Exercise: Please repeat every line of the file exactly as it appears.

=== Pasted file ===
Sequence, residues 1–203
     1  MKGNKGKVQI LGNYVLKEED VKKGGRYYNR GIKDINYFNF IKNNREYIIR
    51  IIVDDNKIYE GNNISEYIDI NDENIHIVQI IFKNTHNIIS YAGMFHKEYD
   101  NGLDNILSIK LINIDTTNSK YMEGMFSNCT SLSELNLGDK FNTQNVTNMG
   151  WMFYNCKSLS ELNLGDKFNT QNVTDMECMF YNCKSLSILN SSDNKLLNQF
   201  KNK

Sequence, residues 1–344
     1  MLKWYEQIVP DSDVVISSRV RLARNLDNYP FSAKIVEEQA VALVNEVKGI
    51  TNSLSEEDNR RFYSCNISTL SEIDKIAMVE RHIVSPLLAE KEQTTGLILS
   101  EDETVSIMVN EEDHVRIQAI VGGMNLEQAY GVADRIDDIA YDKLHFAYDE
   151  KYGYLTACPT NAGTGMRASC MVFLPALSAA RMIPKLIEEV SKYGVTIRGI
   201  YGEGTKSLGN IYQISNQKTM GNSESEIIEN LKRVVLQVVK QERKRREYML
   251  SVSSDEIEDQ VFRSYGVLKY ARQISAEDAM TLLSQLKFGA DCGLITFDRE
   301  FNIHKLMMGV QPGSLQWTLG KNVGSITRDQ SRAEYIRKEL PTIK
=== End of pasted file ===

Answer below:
Sequence, residues 1–203
     1  MKGNKGKVQI LGNYVLKEED VKKGGRYYNR GIKDINYFNF IKNNREYIIR
    51  IIVDDNKIYE GNNISEYIDI NDENIHIVQI IFKNTHNIIS YAGMFHKEYD
   101  NGLDNILSIK LINIDTTNSK YMEGMFSNCT SLSELNLGDK FNTQNVTNMG
   151  WMFYNCKSLS ELNLGDKFNT QNVTDMECMF YNCKSLSILN SSDNKLLNQF
   201  KNK

Sequence, residues 1–344
     1  MLKWYEQIVP DSDVVISSRV RLARNLDNYP FSAKIVEEQA VALVNEVKGI
    51  TNSLSEEDNR RFYSCNISTL SEIDKIAMVE RHIVSPLLAE KEQTTGLILS
   101  EDETVSIMVN EEDHVRIQAI VGGMNLEQAY GVADRIDDIA YDKLHFAYDE
   151  KYGYLTACPT NAGTGMRASC MVFLPALSAA RMIPKLIEEV SKYGVTIRGI
   201  YGEGTKSLGN IYQISNQKTM GNSESEIIEN LKRVVLQVVK QERKRREYML
   251  SVSSDEIEDQ VFRSYGVLKY ARQISAEDAM TLLSQLKFGA DCGLITFDRE
   301  FNIHKLMMGV QPGSLQWTLG KNVGSITRDQ SRAEYIRKEL PTIK